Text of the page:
What’s causing the rising number of epidemics under the sea?

While above ground the world grappled with a pandemic, a problem has been swimming below the surface

Black sea urchin under the sea
Sea urchins have been devastated by a mysterious disease
(Image credit: AlexeyMasliy via Getty Images)

A mysterious disease is spreading among marine mammals, leading experts to worry about the future of creatures living underwater.

Mass mortality of aquatic life is presenting a conundrum for scientists, who are now in a race against time to discover what is killing off swathes of pelagic animals.

How did the deaths start?

It is a “deadly epidemic” in the Red Sea that has sparked cause for concern, said Reuters, as an unknown illness has “killed off an entire species of sea urchin in the Gulf of Aqaba”.

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These black creatures are well known for “helping keep coral reefs healthy”, the news site added, but were “wiped out over a couple of months”.

Researchers from Tel Aviv University, Israel, have warned the situation appears so dire that “only skeletons” now remain at the site they have investigated, reported science website Phys.org.

Similar phenomena have been reported “in other countries in the region, including Jordan, Egypt, Saudi Arabia, Greece, and Turkey”, adding to fears about what this could mean for life under the sea.

Is it a new phenomenon?

The notion that both sea creatures and coral reefs are under threat is sadly not a new issue. In fact, between 1955 and 2018, a “sixth of marine mammal species have suffered a mass die-off caused by an infectious disease”, wrote Bradley van Paridon for Hakai Magazine in 2020. Van Paridon warned the Covid-19 pandemic reminds us of the “devastation disease outbreaks can cause”, but stressed these “do not only affect humans”.

As for the reason behind mass mortality rates below the surface of the water, “no one is sure”, The Washington Post added. However, in the Pacific Coast, a similar problem has been faced, “causing starfish to literally melt into goo”.

The newspaper suggested the disease is so prolific and ravaging that it can cause death among creatures “within hours of showing symptoms”. Reuters added that while some sea urchins wash up dead, others are “eaten by fish, likely speeding up contagion”.

What do scientists think is happening?

The Guardian cited findings which suggested “matter in melting ice” could be behind the disease, because rising temperatures due to climate change make it “more likely that viruses and bacteria locked up in glaciers and permafrost could reawaken and infect local wildlife”.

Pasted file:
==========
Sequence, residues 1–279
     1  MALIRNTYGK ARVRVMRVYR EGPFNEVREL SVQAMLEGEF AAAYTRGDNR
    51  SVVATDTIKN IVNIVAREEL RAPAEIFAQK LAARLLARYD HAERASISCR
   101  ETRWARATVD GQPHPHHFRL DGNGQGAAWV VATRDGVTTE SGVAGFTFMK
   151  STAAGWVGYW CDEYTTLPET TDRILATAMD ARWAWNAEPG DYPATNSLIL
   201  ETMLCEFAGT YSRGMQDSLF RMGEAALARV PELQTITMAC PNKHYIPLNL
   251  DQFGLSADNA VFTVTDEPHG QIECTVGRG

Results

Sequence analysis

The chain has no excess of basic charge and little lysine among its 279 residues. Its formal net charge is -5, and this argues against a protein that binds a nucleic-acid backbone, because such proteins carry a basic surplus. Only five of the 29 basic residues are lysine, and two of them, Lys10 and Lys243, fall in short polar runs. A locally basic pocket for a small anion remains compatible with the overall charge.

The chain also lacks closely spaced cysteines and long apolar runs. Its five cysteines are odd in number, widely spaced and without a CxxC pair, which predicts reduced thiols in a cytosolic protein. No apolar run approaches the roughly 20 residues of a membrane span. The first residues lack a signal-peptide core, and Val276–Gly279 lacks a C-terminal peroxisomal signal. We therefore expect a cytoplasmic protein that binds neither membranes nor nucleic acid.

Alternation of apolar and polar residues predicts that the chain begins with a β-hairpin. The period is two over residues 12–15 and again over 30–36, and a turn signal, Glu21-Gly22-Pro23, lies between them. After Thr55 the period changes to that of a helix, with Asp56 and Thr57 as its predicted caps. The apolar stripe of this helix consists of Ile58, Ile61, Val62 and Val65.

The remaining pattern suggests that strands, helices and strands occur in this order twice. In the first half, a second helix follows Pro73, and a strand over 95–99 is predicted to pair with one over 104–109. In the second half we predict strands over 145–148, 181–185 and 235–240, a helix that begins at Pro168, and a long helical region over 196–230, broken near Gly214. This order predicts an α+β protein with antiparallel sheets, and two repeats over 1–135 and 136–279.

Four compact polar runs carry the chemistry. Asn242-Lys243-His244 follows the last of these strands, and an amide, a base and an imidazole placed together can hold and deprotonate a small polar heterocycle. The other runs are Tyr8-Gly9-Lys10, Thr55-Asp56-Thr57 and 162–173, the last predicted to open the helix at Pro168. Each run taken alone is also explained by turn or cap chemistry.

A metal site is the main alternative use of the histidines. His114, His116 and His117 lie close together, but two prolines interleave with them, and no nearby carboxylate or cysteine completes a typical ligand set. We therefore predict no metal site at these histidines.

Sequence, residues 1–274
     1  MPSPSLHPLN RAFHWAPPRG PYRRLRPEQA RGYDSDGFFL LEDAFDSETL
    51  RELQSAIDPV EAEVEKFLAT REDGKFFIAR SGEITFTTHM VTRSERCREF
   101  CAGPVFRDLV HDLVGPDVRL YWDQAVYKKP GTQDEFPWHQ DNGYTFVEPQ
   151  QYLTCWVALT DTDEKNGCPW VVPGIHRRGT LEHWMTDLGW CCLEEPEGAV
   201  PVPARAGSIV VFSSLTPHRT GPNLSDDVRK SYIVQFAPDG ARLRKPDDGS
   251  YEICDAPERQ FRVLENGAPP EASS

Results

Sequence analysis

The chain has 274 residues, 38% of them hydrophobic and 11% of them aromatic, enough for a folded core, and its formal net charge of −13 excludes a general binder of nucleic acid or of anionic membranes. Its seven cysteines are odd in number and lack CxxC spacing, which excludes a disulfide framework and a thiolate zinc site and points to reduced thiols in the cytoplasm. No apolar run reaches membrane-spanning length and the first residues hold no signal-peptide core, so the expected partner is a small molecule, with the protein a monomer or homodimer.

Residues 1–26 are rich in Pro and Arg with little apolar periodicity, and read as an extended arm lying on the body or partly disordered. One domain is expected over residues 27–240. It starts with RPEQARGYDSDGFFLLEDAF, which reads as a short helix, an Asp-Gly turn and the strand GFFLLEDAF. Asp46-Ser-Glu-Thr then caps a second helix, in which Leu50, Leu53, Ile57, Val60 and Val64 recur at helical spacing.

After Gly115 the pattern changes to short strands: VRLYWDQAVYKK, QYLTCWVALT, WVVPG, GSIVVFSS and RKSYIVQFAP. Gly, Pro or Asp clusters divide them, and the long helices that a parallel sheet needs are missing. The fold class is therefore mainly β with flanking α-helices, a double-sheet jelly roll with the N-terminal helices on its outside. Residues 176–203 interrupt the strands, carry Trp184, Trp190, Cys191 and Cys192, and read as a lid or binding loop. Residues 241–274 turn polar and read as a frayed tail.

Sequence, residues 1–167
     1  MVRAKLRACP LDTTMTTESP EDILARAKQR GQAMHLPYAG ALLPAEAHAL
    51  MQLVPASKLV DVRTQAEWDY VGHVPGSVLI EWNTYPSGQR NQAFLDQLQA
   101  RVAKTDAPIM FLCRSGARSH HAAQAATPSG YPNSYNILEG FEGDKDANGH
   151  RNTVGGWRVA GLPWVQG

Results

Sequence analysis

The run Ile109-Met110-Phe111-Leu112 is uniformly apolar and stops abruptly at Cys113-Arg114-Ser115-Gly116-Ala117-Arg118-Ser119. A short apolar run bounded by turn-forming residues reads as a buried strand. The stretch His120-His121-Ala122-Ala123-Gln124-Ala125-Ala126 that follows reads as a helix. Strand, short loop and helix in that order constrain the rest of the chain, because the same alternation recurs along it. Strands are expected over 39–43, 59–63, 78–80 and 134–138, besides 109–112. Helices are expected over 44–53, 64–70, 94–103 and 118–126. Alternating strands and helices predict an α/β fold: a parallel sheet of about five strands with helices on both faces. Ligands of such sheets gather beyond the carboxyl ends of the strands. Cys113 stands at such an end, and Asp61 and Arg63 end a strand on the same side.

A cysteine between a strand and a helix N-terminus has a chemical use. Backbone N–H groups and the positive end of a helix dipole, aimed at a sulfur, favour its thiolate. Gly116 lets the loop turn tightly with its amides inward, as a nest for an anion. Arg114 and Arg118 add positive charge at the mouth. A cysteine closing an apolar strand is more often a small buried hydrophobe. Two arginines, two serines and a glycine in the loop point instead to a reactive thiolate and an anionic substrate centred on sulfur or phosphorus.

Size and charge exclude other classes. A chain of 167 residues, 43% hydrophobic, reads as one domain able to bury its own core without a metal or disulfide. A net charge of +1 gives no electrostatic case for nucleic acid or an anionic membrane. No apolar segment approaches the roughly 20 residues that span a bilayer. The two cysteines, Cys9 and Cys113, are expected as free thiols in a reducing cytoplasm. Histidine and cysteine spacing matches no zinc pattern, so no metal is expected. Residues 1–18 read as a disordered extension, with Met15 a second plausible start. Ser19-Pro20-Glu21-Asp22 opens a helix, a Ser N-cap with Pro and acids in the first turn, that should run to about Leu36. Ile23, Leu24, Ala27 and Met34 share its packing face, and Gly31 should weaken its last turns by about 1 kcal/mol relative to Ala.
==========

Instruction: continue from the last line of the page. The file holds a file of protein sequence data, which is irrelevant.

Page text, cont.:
The newspaper warned of the risk of “viral spillover – where a virus infects a new host for the first time”, and its potential frequency “close to melting glaciers”.

AP News said that for now, “localised poisoning or pollution” has been ruled out as a cause of the disease, but scientists are now focusing their attention on “a single-celled parasite” which has “laid waste” to underwater ecosystems. Focusing on a similar issue discovered in the Caribbean, New Scientist says the culprit here is a microorganism with “tiny hair-like structures over its body”.

What can be done to stop the epidemic from spreading?

“Nothing…at the moment”, lead researcher Omri Bronstein, told Reuters. “We need sea urchins. Without this species, as we’ve seen – this is not imagination, we’ve seen it happening in front of our eyes – it is not a good future.”

In the meantime, researchers and politicians are looking for ways to protect the human population from the spread of disease, learning lessons from the Covid-19 pandemic, and observing the phenomena occurring underwater.

George Freeman, the science minister, told The Telegraph the government is considering installing “advanced sensors” in shipping ports, in the hopes of detecting and tracking the spread of infectious disease.

Identifying pathogens, said the newspaper, would “allow governments to take immediate action against emerging diseases of concern before they escalate into major outbreaks”, but the strategy remains in its infancy, Freeman added.

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Rebekah Evans joined The Week as newsletter editor in 2023 and has written on subjects ranging from Ukraine and Afghanistan to fast fashion and "brotox". She started her career at Reach plc, where she cut her teeth on news, before pivoting into personal finance at the height of the pandemic and cost-of-living crisis. Social affairs is another of her passions, and she has interviewed people from across the world and from all walks of life. Rebekah completed an NCTJ with the Press Association and has written for publications including The Guardian, The Week magazine, the Press Association and local newspapers.